DOCKET NO.: GB 220001-RT
STATE OF NEW YORK
DIVISION OF HOUSING AND COMMUNITY RENEWAL
OFFICE OF RENT ADMINISTRATION
92-31 UNION HALL STREET
JAMAICA, NEW YORK 11433
IN THE MATTER OF THE ADMINISTRATIVE : SJR 6610
APPEAL OF ADMINISTRATIVE REVIEW
: DOCKET NO. GB 220001-RT
FRANK INCONIGLIOS, DISTRICT RENT ADMINISTRATOR'S
: DOCKET NOS. EI 220007-AD
ORDER AND OPINION DENYING PETITION FOR ADMINISTRATIVE REVIEW
On January 31, 1992, the above-named tenant filed a petition for
administrative review of an order issued on December 27, 1991 by the Rent
Administrator, concerning the housing accommodation known as Apartment 3-F,
2023 Stillwell Avenue, Brooklyn, New York.
Subsequently, the subject owner filed a petition in the Supreme Court, in
the nature of an application for a writ of mandamus, requesting that a
determination of the tenant's administrative appeal be issued.
No order has been issued upon the aforementioned administrative appeal to
The Commissioner has reviewed all of the evidence of the record and has
carefully considered that portion of the record relevant to the issues
raised by the petition for review.
This proceeding was initiated by the subject owner filing an affidavit,
sworn to an April 26, 1990 (The caption of the affidavit states "Application
to File Decontrol By Reason of Owner Occupancy"), which stated that the
subject owner purchased the subject building from Steve Tumminia, on
December 31, 1986, and that Steve Tumminia purchased the subject building
from the subject tenant on or about February 20, 1985. The affidavit also
stated that the subject apartment was owner-occupied prior to February 20,
To the affidavit the subject owner attached, among other things, a copy of
the deed, entered into on December 17, 1984, between Steve Tumminia and the
subject tenant, that indicated that the subject tenant sold the subject
building to Steve Tumminia for $125,000.00. Also attached to the affidavit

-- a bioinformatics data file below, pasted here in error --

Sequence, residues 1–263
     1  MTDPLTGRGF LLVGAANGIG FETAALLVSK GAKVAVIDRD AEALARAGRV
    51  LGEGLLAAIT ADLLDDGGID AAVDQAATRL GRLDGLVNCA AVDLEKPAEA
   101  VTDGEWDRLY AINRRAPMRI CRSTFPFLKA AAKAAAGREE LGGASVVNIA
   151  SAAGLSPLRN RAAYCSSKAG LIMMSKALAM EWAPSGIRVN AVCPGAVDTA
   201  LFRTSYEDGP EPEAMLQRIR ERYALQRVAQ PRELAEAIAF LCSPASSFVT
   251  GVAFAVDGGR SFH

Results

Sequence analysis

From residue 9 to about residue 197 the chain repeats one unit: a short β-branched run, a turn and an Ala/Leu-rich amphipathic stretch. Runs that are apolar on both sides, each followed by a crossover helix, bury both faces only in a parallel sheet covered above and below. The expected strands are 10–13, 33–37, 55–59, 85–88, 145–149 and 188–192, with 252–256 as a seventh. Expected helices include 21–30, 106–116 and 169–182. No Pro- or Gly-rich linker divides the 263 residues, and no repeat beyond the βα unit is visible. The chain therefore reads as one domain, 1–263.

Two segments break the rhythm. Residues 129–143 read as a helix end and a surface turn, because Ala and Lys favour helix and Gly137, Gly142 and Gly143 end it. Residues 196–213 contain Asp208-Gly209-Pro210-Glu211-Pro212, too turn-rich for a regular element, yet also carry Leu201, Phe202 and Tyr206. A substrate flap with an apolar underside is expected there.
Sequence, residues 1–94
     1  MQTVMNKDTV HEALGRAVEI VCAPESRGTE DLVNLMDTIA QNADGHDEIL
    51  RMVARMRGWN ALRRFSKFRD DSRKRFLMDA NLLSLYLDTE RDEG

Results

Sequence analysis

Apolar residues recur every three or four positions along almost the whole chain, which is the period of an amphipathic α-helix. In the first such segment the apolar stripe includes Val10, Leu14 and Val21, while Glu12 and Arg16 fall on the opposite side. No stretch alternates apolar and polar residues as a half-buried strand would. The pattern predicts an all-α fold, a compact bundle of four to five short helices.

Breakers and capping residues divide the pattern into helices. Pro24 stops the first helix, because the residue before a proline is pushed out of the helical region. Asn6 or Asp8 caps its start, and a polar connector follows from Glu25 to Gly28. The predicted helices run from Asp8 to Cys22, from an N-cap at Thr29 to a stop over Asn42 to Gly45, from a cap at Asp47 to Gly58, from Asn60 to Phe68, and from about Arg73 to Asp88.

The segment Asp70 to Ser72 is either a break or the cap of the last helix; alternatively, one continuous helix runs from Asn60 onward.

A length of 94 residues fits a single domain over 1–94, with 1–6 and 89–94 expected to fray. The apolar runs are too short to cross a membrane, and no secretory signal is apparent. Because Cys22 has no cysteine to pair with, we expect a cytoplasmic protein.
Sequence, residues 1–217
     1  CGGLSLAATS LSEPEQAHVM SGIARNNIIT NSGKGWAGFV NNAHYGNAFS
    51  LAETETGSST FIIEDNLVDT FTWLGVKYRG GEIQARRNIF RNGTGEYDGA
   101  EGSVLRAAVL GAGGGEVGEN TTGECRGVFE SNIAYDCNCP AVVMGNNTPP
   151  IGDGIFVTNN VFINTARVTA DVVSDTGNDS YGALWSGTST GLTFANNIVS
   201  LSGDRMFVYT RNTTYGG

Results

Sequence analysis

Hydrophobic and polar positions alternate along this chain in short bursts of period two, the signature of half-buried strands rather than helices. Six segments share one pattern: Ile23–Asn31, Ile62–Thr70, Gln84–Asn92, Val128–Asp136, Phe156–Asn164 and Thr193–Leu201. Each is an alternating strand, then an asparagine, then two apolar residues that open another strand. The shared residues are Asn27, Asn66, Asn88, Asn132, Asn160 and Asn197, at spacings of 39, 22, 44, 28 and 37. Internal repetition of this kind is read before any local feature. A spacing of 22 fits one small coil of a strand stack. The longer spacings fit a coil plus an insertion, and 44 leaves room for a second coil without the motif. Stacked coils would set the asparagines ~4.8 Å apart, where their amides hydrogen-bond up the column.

was a copy of a five-year lease for the subject apartment entered into
between the subject tenant and Steve Tumminia, commencing on March 1, 1985
and expiring on February 28, 1990, at a monthly rent of $300.00.
On December 4, 1990, the Division of Housing and Community Renewal (DHCR)
mailed to the parties in this proceeding a "Notice of Commencement of
Administrative Proceeding," that stated that the Administrator was proposing
to determine that the subject apartment was not subject to the Rent and
Eviction Regulations, as the rent agency's records noted that the subject
apartment was previously owner-occupied, pursuant to Section 2200.2(f)(11)
of the Rent and Eviction Regulations. The notice also stated that the
DOCKET NO.: GB 220001-RT
parties to the proceeding had twenty days from the above-mentioned date to
submit evidence to substantiate their respective claims.
The tenant's response, dated December 12, 1990, asserted, among other
things, that he has continuously resided in the subject apartment since
1946; that he purchased the subject building in October, 1982 while
continuing to live in the subject apartment, and that two years later he
sold the subject building to Steve Tumminia.
To his response the tenant attached a "Memorandum of Law" that asserted that
the subject apartment was rent controlled until the time that the subject
tenant purchased the building; that the subject tenant applied for and was
eligible for maximum base rent (MBR) increases for 1983 and 1984; that he
sold the building in December, 1984; that the subject tenant has continued
to reside in the subject building since selling the subject building; that
there must be a vacancy in the apartment in order for owner-occupancy
decontrol to apply; that the New York Court of Appeals has stated that the
purpose of owner-occupancy decontrol "was to assist owners of owner-occupied
apartments which became vacant after April 1, 1953 and, in addition, 'such
exemption was not to affect any tenant in possession' at the time that the
amendment went into effect"; that as the subject tenant was a tenant "at the
time that the law went into effect," then the owner-occupancy decontrol law
should not apply in this case; that only an owner-occupant can decontrol an
apartment, and not a later owner "when that owner did not himself occupy the
premises," and that the subject tenant did not lose his rent control status
by signing the aforementioned lease.
On January 28, 1991 the subject owner submitted his "Memorandum of Law,"
that asserted, among other things, that the tenant by occupying his
apartment as an owner automatically decontrolled his apartment; that there
is no requirement that a notice of decontrol be filed; that the tenant's